To grandparents, grandkids are little angels. But sometimes, they’re not. And on rare occasions, they steal from you, and show their true colors.
A 77-year-old, retired nurse, Leonita Arbuckle, and her husband, Selwyn, now deceased, bought their family home in Brooklyn, New York for $31,650 in 1972. In 1995, they finally paid off their mortgage.
In May of this year, Arbuckle received a letter telling her that she apparently transferred her home to her granddaughter, Jaishree Arbuckle-Pierre for $1. The granddaughter forged her grandmother’s signature to be able to proceed with the deed.
Arbuckle was shocked. “You don’t expect that from your kids,” she said.
Granddaughter Arbuckle-Pierre created a fake deed and filed it with the city. According to a $5 million lawsuit, filed by her grandmother, the woman took out a $399,000 mortgage on the Brooklyn property.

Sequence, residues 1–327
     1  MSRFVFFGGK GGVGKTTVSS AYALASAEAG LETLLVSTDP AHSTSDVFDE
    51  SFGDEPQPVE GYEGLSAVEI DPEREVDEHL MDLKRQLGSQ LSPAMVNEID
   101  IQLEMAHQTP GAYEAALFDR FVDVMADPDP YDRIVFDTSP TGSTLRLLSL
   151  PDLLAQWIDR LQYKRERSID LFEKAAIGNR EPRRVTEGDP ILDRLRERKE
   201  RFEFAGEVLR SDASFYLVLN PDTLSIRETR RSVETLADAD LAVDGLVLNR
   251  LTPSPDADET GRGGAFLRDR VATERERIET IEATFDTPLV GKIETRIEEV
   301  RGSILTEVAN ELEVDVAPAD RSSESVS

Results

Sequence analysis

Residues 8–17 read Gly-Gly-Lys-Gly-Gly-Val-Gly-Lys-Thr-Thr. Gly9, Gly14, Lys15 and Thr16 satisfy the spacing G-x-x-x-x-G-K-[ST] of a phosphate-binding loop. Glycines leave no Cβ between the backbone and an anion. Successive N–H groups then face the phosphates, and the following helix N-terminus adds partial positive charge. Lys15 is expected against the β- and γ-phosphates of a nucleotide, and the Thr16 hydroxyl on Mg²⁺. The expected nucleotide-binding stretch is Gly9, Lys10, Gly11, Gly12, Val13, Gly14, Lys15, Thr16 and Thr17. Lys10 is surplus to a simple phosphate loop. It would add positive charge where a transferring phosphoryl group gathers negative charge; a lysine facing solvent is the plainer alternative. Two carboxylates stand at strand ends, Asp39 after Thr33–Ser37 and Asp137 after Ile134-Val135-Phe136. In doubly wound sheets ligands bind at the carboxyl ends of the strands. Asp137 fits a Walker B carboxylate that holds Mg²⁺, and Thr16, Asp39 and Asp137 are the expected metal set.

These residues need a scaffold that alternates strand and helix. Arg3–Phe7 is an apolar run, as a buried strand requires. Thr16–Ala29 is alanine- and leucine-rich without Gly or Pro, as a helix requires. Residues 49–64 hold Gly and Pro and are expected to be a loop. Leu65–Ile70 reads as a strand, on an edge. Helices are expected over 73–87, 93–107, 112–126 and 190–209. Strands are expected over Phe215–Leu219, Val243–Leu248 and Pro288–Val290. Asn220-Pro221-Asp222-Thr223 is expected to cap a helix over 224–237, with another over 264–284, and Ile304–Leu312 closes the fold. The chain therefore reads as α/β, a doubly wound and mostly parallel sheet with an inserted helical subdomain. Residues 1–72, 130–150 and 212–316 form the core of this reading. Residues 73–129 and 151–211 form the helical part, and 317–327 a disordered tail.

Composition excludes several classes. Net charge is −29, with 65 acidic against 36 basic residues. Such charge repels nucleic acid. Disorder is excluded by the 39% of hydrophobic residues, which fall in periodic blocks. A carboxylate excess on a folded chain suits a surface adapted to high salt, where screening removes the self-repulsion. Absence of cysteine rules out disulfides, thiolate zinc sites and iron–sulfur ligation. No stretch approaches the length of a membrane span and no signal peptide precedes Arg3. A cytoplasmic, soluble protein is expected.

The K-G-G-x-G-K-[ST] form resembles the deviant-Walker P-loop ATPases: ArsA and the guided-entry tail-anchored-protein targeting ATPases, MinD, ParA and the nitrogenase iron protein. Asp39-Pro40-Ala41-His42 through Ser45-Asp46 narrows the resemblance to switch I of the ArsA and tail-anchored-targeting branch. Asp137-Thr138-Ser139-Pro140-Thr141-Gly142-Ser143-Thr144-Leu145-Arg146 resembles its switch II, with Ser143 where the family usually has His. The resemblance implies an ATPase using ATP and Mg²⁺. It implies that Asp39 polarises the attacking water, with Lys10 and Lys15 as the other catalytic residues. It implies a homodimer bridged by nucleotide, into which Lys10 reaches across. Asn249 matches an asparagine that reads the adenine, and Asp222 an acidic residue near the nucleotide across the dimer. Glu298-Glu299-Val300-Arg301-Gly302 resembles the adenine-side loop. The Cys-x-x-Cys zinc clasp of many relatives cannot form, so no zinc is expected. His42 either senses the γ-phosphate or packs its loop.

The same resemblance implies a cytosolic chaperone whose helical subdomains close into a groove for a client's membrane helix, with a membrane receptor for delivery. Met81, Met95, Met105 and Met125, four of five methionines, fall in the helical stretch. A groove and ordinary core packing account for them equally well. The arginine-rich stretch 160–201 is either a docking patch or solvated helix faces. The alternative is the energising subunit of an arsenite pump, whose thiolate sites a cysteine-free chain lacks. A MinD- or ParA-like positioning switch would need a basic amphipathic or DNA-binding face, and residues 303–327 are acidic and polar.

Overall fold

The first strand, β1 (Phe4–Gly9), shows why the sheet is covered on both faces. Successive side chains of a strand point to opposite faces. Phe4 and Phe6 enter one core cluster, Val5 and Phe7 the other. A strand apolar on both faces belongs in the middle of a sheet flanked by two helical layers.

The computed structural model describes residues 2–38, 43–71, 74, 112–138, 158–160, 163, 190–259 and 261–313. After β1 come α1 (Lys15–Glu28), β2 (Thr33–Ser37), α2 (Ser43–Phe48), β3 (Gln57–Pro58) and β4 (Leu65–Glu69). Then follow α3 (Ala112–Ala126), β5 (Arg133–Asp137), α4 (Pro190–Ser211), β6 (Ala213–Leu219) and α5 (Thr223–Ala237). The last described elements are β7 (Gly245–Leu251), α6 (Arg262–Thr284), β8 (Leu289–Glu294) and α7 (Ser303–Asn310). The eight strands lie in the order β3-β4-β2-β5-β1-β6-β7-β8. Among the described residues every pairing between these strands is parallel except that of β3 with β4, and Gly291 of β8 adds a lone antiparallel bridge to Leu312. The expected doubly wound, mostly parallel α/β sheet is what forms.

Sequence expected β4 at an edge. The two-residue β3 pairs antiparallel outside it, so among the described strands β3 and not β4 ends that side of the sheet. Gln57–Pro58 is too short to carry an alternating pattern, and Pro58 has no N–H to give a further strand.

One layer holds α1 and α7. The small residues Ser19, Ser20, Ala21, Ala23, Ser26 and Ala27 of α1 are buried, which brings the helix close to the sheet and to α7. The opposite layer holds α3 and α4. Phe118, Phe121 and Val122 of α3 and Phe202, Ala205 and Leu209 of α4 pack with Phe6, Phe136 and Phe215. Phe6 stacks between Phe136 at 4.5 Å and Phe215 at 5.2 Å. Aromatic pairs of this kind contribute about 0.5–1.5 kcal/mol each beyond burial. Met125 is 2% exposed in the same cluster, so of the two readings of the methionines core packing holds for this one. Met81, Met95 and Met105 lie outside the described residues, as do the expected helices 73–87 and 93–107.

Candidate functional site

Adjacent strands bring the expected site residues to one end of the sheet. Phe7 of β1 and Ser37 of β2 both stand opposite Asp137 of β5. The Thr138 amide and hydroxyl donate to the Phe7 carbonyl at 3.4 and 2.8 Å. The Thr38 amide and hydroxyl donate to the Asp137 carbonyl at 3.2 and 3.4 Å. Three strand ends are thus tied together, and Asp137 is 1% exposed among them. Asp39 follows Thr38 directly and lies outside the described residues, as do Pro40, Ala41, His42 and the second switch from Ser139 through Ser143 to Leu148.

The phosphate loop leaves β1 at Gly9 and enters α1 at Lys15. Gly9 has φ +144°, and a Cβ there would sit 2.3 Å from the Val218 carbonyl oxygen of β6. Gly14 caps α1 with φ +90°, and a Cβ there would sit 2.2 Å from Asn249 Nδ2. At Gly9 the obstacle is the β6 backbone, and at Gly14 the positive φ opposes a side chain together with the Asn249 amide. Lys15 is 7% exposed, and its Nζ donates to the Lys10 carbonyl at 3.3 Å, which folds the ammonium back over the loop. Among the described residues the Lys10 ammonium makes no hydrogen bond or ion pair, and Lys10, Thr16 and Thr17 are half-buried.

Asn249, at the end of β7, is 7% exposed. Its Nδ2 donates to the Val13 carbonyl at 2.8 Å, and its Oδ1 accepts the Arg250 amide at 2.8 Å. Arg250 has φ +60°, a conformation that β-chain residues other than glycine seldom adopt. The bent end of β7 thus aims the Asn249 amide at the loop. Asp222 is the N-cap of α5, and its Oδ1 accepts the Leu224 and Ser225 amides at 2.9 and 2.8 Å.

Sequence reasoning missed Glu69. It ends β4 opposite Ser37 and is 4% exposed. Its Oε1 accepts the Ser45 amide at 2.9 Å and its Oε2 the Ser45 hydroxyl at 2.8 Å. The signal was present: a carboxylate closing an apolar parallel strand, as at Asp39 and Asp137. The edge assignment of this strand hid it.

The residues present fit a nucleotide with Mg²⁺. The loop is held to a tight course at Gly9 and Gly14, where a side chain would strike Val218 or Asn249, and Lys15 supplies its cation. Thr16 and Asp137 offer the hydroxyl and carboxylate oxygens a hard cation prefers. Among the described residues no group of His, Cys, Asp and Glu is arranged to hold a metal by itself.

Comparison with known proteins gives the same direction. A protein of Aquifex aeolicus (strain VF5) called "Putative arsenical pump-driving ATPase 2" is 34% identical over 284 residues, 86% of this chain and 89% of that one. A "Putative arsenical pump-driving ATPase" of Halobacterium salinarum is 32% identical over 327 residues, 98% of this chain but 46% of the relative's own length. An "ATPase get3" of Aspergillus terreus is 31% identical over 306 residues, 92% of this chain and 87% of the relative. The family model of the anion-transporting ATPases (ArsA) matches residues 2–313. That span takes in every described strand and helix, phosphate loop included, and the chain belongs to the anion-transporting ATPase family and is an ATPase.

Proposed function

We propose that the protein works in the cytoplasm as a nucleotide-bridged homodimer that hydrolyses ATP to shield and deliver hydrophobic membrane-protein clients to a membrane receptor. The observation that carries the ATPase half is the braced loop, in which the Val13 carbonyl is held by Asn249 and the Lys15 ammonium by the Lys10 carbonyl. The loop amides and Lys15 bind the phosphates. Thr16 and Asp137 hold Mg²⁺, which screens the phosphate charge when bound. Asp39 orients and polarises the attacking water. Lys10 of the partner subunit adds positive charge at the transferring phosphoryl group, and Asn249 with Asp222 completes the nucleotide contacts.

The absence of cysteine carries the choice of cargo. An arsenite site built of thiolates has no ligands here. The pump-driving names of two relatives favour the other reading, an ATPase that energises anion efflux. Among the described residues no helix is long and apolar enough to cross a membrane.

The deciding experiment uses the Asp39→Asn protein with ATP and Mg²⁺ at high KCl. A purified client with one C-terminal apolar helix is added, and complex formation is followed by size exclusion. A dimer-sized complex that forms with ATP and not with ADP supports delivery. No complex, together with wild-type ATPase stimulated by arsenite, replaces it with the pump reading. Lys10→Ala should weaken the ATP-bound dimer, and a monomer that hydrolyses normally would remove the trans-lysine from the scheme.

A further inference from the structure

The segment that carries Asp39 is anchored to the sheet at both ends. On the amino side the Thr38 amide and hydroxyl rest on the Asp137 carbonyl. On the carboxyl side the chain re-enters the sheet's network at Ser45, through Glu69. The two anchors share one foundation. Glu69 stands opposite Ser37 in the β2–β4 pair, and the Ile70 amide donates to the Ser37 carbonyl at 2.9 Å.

Arbuckle-Pierre lived in the home with her grandparents from childhood up until 2004, when she graduated from high school.
Not a nice way to say thank you.
Arbuckle-Pierre has a history of fraud. While working as a nurse in Kings County Hospital, in Brooklyn back in 2012, she was arrested on a charge of social security number theft, as well as other data needed to access credit cards. She was in jail for two years.
In 2014, she stole from her grandmother, but grandma did not file a complaint against her.
In 2019, the lady was sentenced to a year in jail after being caught on Long Island with possession of firearms, violating the terms of her release.
Currently, Arbuckle-Pierre’s teenage son lives in the Brooklyn home with his grandmother. He had no idea that the two could potentially lose their house and be out on the streets.
Despite everything, Grandmother Arbuckle says still has hope for her relationship with her granddaughter. “She’s going to be my granddaughter until the day she dies,” she shared, proving that a grandmother’s love is indeed precious and priceless, and sometimes blind.
But first she is suing for $5 million.